This is me.

Hi. I’m Jay. This is my life.

When I was a little girl, my parents wanted me to be a doctor when I grew up. No matter what far-fetched career dreams I thought up for myself, they always had an answer that grounded my future firmly in the medical field. I wanted to be a teacher – I could teach medical students. I wanted to be a computer programmer – I could program medical technology. I wanted to be an engineer like my father – I could create new diagnostic machines. There was always a way in which my ambitions could be redirected to be more in line with their ambitions for me.

What I wanted to be before any of those things, and after all of those things, and even after four years in medical school culminating in a very dramatic exit, was a writer. And no, I did not want to write medical textbooks.

This is me. I’m twenty-three years old. I’m Muslim, for a given definition of “Muslim” that does not line up with any scholar’s but lines up rather well with the way I see the universe. I suffer from bipolar disorder and need three different kinds of medication in order to function. I’m bisexual, maybe pansexual. I call myself “queer” because it’s the only label that doesn’t feel like a label. I’ve been in a committed relationship with a wonderful man named PJ for more than two years now, and I think I’m going to marry him some day. I’m named after both of my grandmothers. I was a feminist until I decided feminism didn’t have any room in it for women like me or my friends, at which point I decided “intersectionalist” was a cooler word anyway. I was raised in a white society by migrant parents. I work with refugees and volunteer when I have time. I rant on Twitter a lot. I am a lot of things to a lot of people.

But “writer” is the label on my soul.

The problem with being all of these things to all of these people is that I don’t get much time to write any more. There’s always something I need to do. There’s always someone who needs me. It’s very tiresome being needed, I’ve found. I’m pulled a million different ways, and my soul – the thing with “writer” scribbled all over it in my messy, flourished handwriting – is pulled with me. It is an uncomfortable feeling, rather like being forced through a cheese grater, with each resulting shredded piece being handed to someone else.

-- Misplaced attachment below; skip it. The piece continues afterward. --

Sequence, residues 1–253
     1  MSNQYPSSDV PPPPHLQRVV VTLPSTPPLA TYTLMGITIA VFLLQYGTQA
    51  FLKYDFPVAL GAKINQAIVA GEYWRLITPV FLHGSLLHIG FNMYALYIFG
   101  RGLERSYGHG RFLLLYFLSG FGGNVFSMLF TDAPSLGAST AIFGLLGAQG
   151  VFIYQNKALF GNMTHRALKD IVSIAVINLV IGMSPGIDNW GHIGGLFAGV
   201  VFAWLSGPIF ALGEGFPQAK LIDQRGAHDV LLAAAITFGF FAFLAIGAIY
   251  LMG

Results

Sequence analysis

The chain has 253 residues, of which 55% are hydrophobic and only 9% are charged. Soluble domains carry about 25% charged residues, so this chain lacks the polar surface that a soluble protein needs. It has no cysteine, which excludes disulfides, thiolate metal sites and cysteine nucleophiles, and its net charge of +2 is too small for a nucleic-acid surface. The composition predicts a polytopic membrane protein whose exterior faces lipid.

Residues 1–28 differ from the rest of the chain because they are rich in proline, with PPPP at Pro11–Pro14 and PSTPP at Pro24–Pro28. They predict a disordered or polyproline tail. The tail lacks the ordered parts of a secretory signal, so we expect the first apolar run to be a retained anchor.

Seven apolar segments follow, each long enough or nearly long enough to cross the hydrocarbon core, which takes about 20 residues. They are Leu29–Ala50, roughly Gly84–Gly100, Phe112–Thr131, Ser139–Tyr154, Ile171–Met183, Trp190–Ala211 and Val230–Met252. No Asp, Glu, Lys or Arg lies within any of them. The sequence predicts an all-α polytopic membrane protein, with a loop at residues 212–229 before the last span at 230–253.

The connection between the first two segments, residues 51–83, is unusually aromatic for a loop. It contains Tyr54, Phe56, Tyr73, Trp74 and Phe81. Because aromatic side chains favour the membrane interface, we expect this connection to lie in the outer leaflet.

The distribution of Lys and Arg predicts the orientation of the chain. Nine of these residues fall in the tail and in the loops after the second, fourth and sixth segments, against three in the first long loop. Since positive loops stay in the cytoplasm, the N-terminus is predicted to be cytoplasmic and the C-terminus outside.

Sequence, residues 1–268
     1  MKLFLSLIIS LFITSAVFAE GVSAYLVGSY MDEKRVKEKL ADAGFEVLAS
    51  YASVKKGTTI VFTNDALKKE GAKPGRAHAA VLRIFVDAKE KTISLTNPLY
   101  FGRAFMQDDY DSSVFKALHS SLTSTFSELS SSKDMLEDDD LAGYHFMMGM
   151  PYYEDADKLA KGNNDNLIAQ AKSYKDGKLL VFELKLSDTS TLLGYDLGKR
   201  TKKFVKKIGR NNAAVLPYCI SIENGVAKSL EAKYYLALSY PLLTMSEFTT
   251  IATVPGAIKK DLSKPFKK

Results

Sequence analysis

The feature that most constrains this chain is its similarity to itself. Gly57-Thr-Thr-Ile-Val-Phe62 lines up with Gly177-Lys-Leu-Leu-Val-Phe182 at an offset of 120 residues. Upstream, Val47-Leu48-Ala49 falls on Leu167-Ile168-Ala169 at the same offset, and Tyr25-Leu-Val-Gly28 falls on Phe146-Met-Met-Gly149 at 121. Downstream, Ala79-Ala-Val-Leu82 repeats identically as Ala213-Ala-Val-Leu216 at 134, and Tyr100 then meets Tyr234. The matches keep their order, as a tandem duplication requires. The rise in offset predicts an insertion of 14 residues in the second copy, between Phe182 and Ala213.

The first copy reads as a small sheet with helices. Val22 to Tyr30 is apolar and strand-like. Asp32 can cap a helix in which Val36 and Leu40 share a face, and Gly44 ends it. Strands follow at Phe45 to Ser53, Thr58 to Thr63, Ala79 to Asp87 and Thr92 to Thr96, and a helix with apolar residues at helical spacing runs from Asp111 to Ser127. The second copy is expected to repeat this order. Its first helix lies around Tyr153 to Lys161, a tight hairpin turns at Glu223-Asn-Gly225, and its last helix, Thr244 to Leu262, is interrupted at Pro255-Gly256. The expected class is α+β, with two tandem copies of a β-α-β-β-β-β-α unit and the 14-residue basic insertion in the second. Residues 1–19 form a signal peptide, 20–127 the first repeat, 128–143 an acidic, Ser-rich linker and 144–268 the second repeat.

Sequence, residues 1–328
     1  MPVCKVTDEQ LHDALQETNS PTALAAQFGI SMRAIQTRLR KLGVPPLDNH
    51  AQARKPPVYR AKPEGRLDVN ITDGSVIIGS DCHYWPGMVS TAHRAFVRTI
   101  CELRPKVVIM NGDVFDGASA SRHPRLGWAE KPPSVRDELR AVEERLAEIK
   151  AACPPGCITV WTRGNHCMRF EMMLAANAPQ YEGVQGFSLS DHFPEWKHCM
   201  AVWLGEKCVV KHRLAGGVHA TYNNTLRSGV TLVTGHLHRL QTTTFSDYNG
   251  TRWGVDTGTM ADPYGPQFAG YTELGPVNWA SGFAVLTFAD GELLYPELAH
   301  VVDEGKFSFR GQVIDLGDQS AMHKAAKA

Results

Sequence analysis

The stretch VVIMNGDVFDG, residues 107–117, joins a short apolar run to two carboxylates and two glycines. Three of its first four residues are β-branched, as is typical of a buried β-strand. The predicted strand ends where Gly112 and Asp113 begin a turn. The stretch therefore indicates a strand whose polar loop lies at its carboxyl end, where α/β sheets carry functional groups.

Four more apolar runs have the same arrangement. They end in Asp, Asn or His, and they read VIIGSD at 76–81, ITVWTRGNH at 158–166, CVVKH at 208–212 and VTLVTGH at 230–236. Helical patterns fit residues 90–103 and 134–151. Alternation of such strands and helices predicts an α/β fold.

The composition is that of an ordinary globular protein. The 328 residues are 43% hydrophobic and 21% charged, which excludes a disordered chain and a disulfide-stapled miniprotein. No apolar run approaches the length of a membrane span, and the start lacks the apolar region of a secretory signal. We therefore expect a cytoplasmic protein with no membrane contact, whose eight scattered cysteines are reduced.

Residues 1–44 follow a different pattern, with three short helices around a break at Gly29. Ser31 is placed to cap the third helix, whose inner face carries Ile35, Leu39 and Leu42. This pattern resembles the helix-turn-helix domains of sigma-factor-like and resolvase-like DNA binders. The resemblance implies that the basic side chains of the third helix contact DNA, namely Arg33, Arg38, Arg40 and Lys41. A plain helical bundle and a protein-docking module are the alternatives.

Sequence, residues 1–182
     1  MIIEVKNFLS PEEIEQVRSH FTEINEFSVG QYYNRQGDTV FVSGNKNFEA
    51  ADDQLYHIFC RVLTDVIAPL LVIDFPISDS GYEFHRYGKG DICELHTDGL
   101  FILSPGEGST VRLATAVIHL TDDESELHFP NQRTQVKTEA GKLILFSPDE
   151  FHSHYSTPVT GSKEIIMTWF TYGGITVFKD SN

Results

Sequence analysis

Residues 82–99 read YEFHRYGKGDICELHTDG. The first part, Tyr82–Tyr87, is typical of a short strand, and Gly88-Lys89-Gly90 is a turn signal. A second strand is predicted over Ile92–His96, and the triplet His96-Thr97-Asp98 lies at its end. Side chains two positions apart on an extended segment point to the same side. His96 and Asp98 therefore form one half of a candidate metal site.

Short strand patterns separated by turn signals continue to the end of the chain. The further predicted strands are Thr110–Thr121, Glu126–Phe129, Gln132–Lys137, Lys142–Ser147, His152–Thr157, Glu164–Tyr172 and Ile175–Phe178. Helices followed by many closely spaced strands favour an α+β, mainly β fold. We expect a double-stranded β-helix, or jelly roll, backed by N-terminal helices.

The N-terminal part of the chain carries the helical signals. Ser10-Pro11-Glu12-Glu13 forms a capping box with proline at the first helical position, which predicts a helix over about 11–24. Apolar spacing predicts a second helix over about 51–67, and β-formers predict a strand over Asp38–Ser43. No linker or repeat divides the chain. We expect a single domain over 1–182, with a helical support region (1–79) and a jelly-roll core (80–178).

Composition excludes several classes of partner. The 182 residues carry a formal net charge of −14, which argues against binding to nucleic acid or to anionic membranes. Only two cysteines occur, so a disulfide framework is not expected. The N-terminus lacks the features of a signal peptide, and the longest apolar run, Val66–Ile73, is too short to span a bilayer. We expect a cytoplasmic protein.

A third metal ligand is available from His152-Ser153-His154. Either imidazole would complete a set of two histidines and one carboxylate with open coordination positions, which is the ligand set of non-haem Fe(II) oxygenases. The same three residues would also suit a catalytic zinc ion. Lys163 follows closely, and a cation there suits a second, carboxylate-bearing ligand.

So I have made myself a resolution. From now until the end of this year, I am going to write a blog post every day. Sometimes I will write long blog posts, and sometimes I will write short ones. Sometimes I will write about the things that make me happy, and sometimes I will write about the things that make me angry and hurt and sad. Sometimes I will write like the words are being revealed to me and I am but a conduit, and sometimes I will write as though the act is like walking across broken glass. But I will write something every day until the end of this year. I will take all the little shredded parts of my soul and piece them back together so that you can see the label that says “writer” – written in pens purloined from my father’s desk by my five-year-old self, in glitter gel pen by my thirteen-year-old self, then in fountain pen by teenage me at two o’clock in the morning, then in a neat, nondescript typeface by the me I am today, the me that only ever writes things on computers because typing is faster than writing – once more.

My hope is that this will make me feel more whole. My hope is that it will encourage me to focus on other writing projects long left untouched – the novel I barely started, the fan fiction I used to love to write, the letters I hardly ever pen any more. Mostly, my hope is that I might find the soul I seem to have lost somewhere in between ranting on Twitter and volunteering and working and being all of these things to all of these people. My hope is that I might, perhaps, reveal some of that soul to all of you, that you may come to know me just a little better.

For now, this is me – a writer coming back after a long hiatus, hoping to find the light that used to guide her, the spark that used to drive her, the fire that warmed her when the world seemed lonely and cold. I welcome you to join me on this journey, wherever it’s headed (for if there’s one thing I know for sure, it’s that I don’t know where I’m going). I hope to entertain, engage and maybe even educate you. But mostly, I hope to find myself again. I’ve been lost a long time. It would be nice to find my way home at last.

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